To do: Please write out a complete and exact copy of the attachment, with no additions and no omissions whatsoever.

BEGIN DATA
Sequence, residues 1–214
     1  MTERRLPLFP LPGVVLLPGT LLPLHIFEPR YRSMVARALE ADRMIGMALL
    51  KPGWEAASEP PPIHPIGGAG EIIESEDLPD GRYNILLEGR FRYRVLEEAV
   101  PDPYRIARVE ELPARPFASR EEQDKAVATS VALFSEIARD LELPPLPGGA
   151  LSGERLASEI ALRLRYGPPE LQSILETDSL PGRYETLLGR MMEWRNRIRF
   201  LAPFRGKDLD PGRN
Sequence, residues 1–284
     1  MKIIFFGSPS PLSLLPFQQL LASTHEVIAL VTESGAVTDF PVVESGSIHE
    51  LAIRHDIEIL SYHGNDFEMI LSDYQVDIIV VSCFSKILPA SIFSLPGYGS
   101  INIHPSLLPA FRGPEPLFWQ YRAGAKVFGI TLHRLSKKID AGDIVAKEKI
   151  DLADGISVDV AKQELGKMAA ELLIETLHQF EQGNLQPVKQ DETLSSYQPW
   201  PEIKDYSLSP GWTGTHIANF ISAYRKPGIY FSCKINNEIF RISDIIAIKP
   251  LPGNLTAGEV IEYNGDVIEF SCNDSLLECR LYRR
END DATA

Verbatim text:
Sequence, residues 1–214
     1  MTERRLPLFP LPGVVLLPGT LLPLHIFEPR YRSMVARALE ADRMIGMALL
    51  KPGWEAASEP PPIHPIGGAG EIIESEDLPD GRYNILLEGR FRYRVLEEAV
   101  PDPYRIARVE ELPARPFASR EEQDKAVATS VALFSEIARD LELPPLPGGA
   151  LSGERLASEI ALRLRYGPPE LQSILETDSL PGRYETLLGR MMEWRNRIRF
   201  LAPFRGKDLD PGRN
Sequence, residues 1–284
     1  MKIIFFGSPS PLSLLPFQQL LASTHEVIAL VTESGAVTDF PVVESGSIHE
    51  LAIRHDIEIL SYHGNDFEMI LSDYQVDIIV VSCFSKILPA SIFSLPGYGS
   101  INIHPSLLPA FRGPEPLFWQ YRAGAKVFGI TLHRLSKKID AGDIVAKEKI
   151  DLADGISVDV AKQELGKMAA ELLIETLHQF EQGNLQPVKQ DETLSSYQPW
   201  PEIKDYSLSP GWTGTHIANF ISAYRKPGIY FSCKINNEIF RISDIIAIKP
   251  LPGNLTAGEV IEYNGDVIEF SCNDSLLECR LYRR